Friday, November 17, 2017

Forgotten Books: Three Arthur Crook Novels by Anthony Gilbert

"Why, man, he doth bestride the narrow world
Like a colossus, and we petty men
Walk under his huge legs, and peep about
To find ourselves dishonorable graves...."

One thing that I have always found problematic is the grading of writers. He/she is an A list author, we are told, the other is a B-lister. Who, I wonder, makes these lists and what does it depend on? Big publishing houses, sales of the books, critics/ reviewers?  I can understand this kind of grading in films where the production value can make a movie A-grader or not but books are a different kettle of fish altogether. Yes, a book can be interesting or boring; unputdownable or unmentionable; it can make you read the entire oeuvre of the writer or blacklist the author but authors in general cannot be bracketed like this.

In the Golden Age of mystery writing, we are told there are four Crime Queens: Agatha Christie; Margery Allingham; Dorthy Sayers, and Ngaio Marsh. The rest are dismissed as also-rans or B-graders. To me, this doesn't really make sense. I am not the only one who hasn't been able to proceed beyond the first book of the Peter Wimsey series; Albert Campion has his champions but an equal number of detractors; I was surprised to read the first book of Ngaio Marsh, this year, because the Roderick Alleyn of that book was completely unlike the sophisticated image of his that I had in mind. And "even great Homer nods" as in Third Girl and The Moving Finger.

Thus it is that an author like Anthony Gilbert (Lucy Beatrice Malleson) languishes in obscurity#, shrugged off as a second-rung writer. Yet almost all the books that I have read of her have been remarkable, much more interesting and gripping than the ones lauded and talked-about. Recently, thanks to the wonderful people at Open Library, I was able to read three more of hers. And though none of them could equal her masterpieces: Death Knocks Three Times and The Clock in the Hat Box, they were nevertheless engaging reads.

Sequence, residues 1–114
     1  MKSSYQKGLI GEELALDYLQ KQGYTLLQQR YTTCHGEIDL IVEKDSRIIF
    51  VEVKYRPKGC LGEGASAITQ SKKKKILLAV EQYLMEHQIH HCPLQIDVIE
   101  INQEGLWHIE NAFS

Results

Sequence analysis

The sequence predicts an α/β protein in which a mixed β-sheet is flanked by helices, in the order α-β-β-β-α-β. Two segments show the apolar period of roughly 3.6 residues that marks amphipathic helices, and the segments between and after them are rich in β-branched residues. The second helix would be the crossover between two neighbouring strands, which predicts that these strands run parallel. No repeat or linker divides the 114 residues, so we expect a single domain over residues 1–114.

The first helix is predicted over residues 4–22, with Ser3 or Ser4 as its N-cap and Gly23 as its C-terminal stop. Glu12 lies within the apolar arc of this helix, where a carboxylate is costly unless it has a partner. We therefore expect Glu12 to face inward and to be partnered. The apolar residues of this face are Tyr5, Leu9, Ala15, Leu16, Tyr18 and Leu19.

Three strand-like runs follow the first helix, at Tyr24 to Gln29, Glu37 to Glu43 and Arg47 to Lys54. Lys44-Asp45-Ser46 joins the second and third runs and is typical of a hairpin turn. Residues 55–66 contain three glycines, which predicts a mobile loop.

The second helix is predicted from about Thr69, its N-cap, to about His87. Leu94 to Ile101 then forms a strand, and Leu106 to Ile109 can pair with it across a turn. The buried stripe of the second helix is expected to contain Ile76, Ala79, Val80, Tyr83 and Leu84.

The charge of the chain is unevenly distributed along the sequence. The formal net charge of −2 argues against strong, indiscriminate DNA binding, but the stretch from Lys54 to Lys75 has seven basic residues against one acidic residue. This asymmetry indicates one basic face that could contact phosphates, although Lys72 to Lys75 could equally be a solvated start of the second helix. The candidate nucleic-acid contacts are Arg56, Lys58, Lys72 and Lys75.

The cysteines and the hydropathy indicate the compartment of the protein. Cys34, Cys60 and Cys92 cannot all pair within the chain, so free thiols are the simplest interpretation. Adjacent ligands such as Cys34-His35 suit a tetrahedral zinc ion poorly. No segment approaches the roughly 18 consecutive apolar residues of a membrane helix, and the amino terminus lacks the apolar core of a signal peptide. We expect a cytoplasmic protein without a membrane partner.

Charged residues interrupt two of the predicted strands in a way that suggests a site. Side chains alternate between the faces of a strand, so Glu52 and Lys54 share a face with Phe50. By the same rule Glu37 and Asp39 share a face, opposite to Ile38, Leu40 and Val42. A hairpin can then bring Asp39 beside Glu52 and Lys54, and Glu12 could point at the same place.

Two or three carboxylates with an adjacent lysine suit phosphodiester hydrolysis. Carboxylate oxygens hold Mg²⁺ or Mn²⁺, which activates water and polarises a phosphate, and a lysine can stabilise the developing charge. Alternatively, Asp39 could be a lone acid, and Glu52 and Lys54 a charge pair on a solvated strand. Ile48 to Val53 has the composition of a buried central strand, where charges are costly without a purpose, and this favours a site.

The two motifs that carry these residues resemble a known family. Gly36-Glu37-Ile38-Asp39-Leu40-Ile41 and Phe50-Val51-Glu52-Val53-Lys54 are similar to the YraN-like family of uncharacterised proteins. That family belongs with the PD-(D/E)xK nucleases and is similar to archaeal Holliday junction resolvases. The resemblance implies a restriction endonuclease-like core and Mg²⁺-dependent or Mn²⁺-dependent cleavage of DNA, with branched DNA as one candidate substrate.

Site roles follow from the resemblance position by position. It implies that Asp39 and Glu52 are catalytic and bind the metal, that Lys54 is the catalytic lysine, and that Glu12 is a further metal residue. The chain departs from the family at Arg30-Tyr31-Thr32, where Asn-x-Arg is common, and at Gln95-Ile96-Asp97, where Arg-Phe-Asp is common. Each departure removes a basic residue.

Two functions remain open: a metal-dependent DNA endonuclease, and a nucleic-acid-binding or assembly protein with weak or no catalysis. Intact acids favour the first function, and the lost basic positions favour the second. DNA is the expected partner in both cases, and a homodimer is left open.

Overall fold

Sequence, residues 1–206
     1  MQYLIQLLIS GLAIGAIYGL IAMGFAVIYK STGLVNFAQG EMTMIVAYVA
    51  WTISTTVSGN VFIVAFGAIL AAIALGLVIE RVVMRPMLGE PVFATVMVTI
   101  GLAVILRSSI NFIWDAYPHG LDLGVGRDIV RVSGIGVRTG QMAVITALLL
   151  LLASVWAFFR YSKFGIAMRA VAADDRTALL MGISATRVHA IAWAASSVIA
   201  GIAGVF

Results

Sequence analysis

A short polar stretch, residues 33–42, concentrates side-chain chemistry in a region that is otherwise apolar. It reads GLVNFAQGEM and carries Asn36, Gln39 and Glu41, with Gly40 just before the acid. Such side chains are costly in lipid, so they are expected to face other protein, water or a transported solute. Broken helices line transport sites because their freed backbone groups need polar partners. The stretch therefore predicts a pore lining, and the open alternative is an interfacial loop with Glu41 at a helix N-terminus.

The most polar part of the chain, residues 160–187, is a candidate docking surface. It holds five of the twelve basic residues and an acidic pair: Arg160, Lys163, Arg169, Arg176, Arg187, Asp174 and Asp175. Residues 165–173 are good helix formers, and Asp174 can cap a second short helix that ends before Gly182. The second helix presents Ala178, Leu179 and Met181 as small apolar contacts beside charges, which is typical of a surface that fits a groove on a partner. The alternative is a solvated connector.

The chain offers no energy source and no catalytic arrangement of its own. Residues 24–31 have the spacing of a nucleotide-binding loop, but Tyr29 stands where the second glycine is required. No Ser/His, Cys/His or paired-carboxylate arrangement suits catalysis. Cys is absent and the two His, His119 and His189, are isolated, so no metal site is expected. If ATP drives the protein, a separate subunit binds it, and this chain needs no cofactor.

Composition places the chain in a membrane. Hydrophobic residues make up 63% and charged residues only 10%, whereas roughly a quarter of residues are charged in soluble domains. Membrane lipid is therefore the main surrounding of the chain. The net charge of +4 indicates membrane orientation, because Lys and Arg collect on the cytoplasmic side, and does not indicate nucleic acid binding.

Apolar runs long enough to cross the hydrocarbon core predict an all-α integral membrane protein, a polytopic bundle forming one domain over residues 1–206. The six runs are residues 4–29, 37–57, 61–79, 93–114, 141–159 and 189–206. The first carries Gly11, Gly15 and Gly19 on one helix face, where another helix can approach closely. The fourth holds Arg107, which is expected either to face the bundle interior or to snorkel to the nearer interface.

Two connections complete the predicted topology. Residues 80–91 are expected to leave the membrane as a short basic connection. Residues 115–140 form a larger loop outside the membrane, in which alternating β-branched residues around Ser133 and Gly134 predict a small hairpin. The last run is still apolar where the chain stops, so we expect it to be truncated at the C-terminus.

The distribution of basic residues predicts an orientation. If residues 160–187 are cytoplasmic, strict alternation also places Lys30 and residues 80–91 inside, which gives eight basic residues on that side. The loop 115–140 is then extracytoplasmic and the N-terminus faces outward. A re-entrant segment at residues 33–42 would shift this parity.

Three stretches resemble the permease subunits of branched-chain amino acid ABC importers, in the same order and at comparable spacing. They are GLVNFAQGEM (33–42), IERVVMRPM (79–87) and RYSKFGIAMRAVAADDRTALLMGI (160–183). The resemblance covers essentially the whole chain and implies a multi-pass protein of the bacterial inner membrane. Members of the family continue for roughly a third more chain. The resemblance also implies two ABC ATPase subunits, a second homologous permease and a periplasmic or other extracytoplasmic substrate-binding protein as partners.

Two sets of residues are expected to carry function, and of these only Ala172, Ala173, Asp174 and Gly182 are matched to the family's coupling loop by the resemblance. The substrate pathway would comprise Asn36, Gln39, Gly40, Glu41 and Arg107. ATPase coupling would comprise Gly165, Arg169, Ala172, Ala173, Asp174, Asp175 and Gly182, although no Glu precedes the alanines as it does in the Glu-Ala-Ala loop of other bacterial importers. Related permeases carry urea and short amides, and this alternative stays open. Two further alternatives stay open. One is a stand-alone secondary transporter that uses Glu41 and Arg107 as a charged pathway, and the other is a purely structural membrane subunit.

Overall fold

Murder Comes Home (1950): A young couple on their way home are called in by a doctor to witness a will. His patient is one cankerous old lady (and Gilbert's portrayal of such vinegary old ladies is masterly) who is found dead the very next day.

First Line: It might be said that the affair started for Arthur Crook that unnaturally hot afternoon in early spring when London baked and sulked under a sky that would have seemed tropical in August.

A fine review of the book can be read @ The Passing Tramp.


Death Takes a Wife/ Death Casts a Long Shadow (1959): Helen, a young nurse, finds herself in a dilemma when she falls in love with her patient Blanche's husband, Paul French. Soon Blanche has died under mysterious circumstances and Helen has to decide whether she is so much in love that she can marry a murderer. How Gilbert manages to keep things suspenseful even when the cast of characters is so small is beyond me.

First Line: 'In the midst of life we are in death,' intoned Dr. MacIntyre genially.

A write-up on the book can be found here.


A Nice Little Killing (1974): A Dutch au-pair, stood up by her boyfriend, returns to her employer's home only to find it burgled and worse. An interesting cast of characters though some of them are completely superfluous to the main story, as are the windmills on the cover which are there presumably because of the Dutch connection!!!

First Line: The clock in the public bar of the Bee and Honeysuckle was always kept five minutes past, so that laggard drinkers shouldn't get Joe Severn, the licensee, into trouble with the authorities.


Source: Open Library.


#: With the British Library publishing her book, Portrait of a Murderer, a book she wrote under another pseudonym, Anne Meredith, things might change.


Submitted for Friday's Forgotten Books, today @ Sweet Freedom.

Wednesday, November 8, 2017

Thursday, November 2, 2017

Review: The Film of Fear

The Film of Fear The Film of Fear by Frederic Arnold Kummer Jr.
My rating: 2 of 5 stars

An okay mystery interesting only because of its background of a budding film industry in the US.


First Line: Ruth Morton finished her cup of coffee, brushed a microscopic crumb from her embroidered silk kimono, pushed back her loosely arranged brown hair, and resumed the task of opening her mail.

Source: Feedbooks.

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Thursday, October 26, 2017

Review: The Inheritance

The Inheritance The Inheritance by Tom Savage
My rating: 3 of 5 stars

Cliched: A gothic mansion, a maid in black, a wandering waif, a relative in an attic, a silent observer, a haunted fortune, murder and madness, and a heroine extremely beautiful. I don't think I have ever read a book where the word beautiful was used so often. It literally made me gag, especially because the heroine didn't really impress me. In fact, all the characters are more or less unpleasant. Yet despite all the cliches, the author does manage to shock you. Some of the twists I could guess, some not. I'll like to read more of this author.